Meaning of tuck
- to put into a small, close, or concealing place: Tuck the money into your wallet.
- to thrust in the loose end or edge of (a garment, covering, etc.) so as to hold closely in place (usually fol. by in, up, under, etc.): Tuck in your blouse. Tuck the edge of the sheet under the mattress.
- to cover snugly in or as if in this manner: She tucked the children into bed.
- to pull up into a fold or folds; draw up into a folded arrangement (usually fol. by in, up, etc.): to tuck up one's skirts; to tuck one's knees under one's chin.
- to sew tucks in.
- to pass (a strand) above or below another one.
- to eat or drink (usually fol. by in, away, etc.): He tucked away a big meal.
- to draw together; contract; pucker.
- to make tucks.
- to fit securely or snugly: a bed that tucks into the corner.
- to eat with gusto: We tucked into a roast beef dinner.
- something tucked or folded in.
- a fold, or one of a series of folds, made by doubling cloth upon itself and stitching parallel with the edge of the fold, used for decoration or for shortening or fitting a garment.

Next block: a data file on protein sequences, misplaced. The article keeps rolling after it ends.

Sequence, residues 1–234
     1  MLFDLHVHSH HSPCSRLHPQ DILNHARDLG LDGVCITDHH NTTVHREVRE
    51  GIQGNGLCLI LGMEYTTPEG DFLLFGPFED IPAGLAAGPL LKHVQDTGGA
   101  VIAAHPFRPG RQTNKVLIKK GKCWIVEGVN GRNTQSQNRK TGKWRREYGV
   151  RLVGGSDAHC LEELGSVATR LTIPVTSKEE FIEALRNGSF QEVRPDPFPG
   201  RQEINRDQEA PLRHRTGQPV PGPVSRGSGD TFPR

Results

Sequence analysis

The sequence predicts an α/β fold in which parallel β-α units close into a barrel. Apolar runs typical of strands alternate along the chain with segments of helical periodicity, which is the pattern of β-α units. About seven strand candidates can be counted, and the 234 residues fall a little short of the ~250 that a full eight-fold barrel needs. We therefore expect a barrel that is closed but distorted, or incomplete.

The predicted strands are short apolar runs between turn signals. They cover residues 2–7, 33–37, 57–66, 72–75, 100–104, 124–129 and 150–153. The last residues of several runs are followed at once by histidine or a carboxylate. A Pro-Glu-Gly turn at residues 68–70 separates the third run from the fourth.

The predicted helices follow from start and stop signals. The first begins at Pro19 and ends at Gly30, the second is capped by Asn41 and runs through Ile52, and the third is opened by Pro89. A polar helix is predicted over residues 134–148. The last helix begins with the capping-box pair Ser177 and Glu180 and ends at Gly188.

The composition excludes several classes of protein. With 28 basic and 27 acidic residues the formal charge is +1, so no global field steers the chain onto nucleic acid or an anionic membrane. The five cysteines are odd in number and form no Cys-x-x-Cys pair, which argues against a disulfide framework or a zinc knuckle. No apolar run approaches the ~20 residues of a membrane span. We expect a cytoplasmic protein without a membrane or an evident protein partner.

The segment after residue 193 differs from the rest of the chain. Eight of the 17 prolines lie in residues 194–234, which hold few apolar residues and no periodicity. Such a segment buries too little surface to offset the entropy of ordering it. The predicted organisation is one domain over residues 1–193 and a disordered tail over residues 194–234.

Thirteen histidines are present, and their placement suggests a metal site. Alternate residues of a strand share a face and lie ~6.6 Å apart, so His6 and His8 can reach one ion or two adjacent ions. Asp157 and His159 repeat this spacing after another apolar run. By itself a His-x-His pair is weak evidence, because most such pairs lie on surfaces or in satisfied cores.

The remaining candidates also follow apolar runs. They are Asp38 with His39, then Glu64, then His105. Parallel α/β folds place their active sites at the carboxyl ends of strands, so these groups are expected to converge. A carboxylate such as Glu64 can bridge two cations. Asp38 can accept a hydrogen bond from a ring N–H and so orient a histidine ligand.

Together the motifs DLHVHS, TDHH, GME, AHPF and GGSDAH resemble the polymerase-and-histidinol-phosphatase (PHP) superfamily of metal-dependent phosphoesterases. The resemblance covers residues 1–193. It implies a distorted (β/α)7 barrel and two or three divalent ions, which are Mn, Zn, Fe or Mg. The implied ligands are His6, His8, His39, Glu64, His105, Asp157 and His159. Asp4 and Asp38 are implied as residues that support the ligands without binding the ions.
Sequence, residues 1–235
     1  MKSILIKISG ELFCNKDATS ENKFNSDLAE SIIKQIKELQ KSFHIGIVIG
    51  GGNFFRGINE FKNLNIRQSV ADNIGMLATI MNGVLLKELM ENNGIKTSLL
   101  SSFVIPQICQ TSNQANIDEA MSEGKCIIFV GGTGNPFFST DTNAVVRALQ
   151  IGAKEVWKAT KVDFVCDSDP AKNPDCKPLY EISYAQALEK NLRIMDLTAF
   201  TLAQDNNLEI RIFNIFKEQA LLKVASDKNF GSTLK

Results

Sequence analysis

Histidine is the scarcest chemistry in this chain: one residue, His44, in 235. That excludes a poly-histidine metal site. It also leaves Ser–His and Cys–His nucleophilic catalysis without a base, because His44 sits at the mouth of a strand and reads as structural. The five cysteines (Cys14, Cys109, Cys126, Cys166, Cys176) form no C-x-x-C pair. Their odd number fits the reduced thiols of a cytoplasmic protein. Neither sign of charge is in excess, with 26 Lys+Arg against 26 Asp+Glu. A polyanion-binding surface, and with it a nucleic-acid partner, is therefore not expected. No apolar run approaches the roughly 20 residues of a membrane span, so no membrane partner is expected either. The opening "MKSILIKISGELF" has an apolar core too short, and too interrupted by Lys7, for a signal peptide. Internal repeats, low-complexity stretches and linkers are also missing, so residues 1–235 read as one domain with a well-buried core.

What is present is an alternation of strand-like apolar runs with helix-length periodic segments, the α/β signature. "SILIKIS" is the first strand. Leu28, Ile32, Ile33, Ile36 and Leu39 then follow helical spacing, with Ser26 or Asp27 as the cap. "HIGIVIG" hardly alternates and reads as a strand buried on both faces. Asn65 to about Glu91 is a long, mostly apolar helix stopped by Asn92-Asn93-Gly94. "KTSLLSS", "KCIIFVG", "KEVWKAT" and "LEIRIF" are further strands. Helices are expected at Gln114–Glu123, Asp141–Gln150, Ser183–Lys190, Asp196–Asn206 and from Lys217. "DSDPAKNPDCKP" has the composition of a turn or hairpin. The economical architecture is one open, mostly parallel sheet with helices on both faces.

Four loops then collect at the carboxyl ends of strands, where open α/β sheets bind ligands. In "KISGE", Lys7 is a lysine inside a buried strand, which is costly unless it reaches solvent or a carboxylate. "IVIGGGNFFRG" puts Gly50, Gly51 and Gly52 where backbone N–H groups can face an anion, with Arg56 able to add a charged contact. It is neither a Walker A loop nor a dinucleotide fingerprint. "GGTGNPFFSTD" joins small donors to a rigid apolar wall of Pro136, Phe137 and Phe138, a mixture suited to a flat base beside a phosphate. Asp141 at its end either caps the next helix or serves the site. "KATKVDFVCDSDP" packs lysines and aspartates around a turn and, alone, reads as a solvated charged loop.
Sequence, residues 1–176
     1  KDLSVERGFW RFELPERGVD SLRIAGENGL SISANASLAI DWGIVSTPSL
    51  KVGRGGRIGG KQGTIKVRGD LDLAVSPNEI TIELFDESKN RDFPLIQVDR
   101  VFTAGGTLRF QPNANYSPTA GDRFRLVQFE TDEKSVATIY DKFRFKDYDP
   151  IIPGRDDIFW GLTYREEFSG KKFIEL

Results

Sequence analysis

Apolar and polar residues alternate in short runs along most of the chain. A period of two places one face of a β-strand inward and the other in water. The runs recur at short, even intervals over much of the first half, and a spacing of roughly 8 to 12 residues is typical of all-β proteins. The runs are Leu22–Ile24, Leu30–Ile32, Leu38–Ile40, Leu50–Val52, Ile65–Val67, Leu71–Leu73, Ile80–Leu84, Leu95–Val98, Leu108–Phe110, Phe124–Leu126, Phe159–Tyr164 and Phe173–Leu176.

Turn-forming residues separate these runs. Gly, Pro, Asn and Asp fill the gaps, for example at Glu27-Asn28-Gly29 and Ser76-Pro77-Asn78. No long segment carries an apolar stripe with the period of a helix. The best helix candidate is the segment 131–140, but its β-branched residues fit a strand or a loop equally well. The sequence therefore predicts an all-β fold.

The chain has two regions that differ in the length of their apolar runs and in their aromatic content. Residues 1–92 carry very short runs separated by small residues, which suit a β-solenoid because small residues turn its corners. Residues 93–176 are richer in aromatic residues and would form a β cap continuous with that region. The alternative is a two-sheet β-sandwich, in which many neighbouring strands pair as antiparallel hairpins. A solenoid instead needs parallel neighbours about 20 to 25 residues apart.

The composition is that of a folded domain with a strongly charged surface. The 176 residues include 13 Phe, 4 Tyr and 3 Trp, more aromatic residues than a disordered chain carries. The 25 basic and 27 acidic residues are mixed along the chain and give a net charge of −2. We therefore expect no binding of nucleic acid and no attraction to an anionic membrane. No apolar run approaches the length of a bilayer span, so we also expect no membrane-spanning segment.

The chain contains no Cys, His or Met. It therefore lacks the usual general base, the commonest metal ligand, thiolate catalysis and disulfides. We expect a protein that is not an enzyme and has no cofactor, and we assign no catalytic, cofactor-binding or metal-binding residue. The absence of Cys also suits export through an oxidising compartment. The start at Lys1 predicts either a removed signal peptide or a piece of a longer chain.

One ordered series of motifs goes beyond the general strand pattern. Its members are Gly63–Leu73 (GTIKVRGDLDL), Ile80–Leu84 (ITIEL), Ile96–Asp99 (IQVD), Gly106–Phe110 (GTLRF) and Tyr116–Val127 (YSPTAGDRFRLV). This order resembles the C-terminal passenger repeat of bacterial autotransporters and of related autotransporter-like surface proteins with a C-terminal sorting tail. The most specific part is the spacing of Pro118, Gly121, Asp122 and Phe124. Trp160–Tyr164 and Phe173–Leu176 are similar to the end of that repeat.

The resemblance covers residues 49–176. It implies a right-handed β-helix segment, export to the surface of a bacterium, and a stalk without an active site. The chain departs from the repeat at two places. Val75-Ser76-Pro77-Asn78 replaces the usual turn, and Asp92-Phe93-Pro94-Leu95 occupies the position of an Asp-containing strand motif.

- a body position in which the head is lowered and the thighs held against the chest with the knees bent and the arms locked around the shins. Cf.(def. 10),.
- a crouch in which the ski poles are held close to the chest, extending back under the arms and parallel to the ground, as to maximize speed downhill.
- a plastic surgery operation: a tummy tuck.
- the part of a vessel where the after ends of the outside planking or plating unite at the sternpost.
- (in tying knots) the operation of passing one strand above or below another.
— n. Informal.
— n. Archaic.
- a rapier or estoc.
— n. Chiefly Scot.
- a drumbeat or the sound of one beat on a drum.
- tuck (Thesaurus)